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Another Daddy update – holidays lessons

9 October 2011

Sep 30th was the first real “Holiday teaching day”. We did talk some about Rosh haShana at literature class already the week before, but this was the actual holiday teaching day (even if it turned out to be one day after the actual holiday). On a holiday teaching day we skip the Bible and the Social Science class, and instead we have only New Testament, Literature, and a holiday class where we talk about the holiday. The day therefore also either becomes shorter, or we have two classes about the holiday if needed.

On Sep 30th we were away, and I brought the material with me, but forgot the literature books. So there were only holiday teaching and New Testament. Luckily we had already covered most Rosh haShana stories last week.

I started with a general introduction of the holiday, and why we celebrate it, the symbols of the holiday, and we spoke of the story of Isaac and Abaraham at Moriah mountain and how it relates to Rosh haShana, and how it relates to Yeshua. I preached on this holiday two years ago in our congregation, so I did have some material to use (and at the end of the day, I took my oldest son on a more in-depht lesson and showed him the powerpoint presentation I made for the holiday.
(If you want to get deeper in the holiday, and it’s meaning, here’s a good article)

In the NT story, we talked about the calling of the disciples, the sermon on the mount, and the transfiguration.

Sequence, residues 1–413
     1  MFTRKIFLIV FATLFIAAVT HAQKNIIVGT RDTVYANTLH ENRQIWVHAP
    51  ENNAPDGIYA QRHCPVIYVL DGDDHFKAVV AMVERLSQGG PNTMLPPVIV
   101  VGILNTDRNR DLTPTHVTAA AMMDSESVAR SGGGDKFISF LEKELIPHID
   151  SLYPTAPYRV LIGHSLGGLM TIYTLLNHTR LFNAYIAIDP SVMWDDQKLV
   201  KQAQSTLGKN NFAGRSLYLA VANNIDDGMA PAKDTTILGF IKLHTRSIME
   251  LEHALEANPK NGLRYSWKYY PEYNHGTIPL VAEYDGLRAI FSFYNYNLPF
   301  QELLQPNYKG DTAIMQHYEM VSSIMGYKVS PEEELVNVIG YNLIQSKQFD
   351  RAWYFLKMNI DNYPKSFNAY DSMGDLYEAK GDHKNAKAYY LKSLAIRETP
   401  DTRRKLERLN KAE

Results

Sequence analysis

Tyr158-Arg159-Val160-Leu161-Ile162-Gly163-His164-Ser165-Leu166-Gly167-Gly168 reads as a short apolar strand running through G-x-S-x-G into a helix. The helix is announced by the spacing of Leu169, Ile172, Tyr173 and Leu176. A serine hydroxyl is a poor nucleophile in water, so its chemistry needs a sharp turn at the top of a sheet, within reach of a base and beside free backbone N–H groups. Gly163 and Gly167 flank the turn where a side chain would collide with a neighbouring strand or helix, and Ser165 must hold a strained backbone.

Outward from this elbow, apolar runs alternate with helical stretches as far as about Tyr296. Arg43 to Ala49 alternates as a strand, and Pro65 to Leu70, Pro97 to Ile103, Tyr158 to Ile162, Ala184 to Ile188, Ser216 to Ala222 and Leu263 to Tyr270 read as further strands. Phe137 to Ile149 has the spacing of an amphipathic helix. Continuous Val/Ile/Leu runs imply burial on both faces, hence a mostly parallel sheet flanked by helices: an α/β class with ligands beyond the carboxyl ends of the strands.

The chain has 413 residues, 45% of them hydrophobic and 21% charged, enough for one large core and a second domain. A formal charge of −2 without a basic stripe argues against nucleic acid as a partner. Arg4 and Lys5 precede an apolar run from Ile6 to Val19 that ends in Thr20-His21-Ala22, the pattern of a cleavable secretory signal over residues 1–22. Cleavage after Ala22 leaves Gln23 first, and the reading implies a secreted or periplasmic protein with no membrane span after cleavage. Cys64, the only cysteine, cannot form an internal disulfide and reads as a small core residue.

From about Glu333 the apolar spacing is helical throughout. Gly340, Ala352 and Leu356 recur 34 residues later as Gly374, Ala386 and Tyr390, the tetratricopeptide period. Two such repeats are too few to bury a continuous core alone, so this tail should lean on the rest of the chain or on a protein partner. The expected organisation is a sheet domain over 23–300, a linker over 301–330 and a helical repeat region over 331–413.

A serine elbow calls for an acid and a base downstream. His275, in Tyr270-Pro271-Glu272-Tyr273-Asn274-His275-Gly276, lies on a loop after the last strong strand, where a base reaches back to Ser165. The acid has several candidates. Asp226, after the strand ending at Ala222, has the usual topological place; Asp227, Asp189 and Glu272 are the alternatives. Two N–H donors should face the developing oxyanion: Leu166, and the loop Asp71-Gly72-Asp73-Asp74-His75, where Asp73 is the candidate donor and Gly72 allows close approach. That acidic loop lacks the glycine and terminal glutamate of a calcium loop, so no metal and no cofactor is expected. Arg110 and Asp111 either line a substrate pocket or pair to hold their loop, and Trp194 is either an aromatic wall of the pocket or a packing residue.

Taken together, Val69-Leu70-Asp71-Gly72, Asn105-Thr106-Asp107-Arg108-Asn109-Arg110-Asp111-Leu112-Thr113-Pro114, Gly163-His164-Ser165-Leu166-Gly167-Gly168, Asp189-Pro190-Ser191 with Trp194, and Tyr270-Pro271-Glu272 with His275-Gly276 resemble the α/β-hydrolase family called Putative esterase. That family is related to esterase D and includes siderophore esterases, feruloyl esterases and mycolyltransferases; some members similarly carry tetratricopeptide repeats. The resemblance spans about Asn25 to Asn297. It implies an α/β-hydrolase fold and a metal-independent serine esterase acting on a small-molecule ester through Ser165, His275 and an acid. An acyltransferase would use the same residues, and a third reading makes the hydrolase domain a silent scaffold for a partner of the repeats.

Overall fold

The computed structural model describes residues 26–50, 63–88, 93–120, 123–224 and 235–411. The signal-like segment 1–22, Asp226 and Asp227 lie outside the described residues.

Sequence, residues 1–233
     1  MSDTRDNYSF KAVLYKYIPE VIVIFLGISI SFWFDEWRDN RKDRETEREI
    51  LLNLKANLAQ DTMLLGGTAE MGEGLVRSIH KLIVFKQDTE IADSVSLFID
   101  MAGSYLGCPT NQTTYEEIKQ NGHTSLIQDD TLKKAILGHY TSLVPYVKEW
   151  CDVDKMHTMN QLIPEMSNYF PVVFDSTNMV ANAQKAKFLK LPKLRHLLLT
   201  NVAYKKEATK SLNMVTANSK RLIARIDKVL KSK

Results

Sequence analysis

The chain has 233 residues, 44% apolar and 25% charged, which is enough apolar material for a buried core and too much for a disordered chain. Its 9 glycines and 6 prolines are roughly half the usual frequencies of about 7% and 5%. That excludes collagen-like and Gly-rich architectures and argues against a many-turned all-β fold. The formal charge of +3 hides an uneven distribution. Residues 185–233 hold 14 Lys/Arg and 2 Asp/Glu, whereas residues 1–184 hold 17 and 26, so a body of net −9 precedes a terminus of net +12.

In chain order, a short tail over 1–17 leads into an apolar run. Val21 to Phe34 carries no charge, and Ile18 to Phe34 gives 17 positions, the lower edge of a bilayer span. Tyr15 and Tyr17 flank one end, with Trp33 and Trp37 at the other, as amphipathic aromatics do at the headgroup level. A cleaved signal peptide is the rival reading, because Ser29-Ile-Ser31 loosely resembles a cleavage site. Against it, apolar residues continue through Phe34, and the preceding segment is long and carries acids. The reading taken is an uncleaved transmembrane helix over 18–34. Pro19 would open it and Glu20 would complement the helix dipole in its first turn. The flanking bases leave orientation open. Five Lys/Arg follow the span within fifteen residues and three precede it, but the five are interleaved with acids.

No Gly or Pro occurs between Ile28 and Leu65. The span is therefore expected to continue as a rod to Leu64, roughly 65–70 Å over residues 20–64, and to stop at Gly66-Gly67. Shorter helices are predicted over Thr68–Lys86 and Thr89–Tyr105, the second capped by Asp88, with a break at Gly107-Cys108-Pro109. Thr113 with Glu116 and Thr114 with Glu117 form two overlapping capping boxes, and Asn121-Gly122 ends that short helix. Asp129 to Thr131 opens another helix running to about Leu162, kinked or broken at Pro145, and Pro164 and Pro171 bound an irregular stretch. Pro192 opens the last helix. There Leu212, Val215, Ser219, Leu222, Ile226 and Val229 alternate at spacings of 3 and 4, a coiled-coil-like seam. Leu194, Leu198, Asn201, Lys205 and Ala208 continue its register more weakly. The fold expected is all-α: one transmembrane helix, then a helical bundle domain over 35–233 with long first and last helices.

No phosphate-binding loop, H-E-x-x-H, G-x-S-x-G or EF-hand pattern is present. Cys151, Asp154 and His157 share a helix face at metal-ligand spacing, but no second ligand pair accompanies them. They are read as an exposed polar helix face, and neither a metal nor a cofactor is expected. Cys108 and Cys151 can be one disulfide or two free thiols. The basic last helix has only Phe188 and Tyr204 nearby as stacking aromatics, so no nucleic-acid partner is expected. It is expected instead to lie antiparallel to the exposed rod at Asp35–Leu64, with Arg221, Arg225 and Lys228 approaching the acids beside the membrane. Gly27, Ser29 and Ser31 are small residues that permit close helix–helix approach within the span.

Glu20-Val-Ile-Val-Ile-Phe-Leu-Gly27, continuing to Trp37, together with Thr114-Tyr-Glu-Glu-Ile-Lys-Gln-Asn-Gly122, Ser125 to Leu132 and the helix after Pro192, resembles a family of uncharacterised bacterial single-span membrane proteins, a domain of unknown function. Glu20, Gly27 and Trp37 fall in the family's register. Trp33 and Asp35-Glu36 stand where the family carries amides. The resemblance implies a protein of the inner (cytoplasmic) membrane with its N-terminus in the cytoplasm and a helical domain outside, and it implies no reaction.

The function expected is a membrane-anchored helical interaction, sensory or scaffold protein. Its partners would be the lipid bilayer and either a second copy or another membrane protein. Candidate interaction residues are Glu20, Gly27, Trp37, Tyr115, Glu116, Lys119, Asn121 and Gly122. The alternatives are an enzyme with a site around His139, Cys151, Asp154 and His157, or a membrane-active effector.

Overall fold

Yesterday, on the eve of Yom Kippur, we started the day with talking about the holiday – the day of atonement. We read from Leviticus 16 on what the high priest would do on this day, and how it was all a picture of the Messiah, and tied that to Leviticus 17:11. We talked about the book of life, and also how we still need to ask for forgiveness for our sins – but the blood of the lamb has already been poured, we do not need any sacrifices. We talked about the different laws of this day, how the prayers go in the synagogue and examined the differences between our faith and the religious Jews’ faith. We saw this excellent explanation of Yom Kippur.

And then we also saw Kol Nidre – the first prayer said at the evening service on Yom Kippur Eve:

(If you want to get deeper in the holiday, and it’s meaning, here’s a good article)

In the NT lesson we talked of three important stories that all related to the Salvation, and the forgiveness of sins: The calling of Matthew (Matt 9:9-13), the adulterous woman (John 8:1-11), and the story of Nicodemus (John 3:1-21).

At the end we had literature. Two stories about Rosh haShana from last week, and then a few stories about Yom Kippur. About how the word “I’m sorry” is hard to say, and about how a bad conscience can get a life of its own and torment you, until you overcome the feelings of shame, and truly apologize. We stressed that an apology – whether to man or to God – must be from the heart, and must include a sincere regret, and a wish not to redo the sin. In the end there was also a story about a nine-year old who wanted to fast like the adults, but wasn’t able to. The moral of the story is not to fast for the sake of sports. And kids should not fast before they’ve reached Bar Mitsva age.

That’s it for this time. Now we have two weeks where I’ll teach two lessons every week. One every holiday eve (Wednesdays – 12th and 19th), and Fridays as usual (14th and 21st). There’s still Sukkot and Simchat Torah coming up! Tishrei is such an amazing holiday-packed month! Luckily it only comes once a year…

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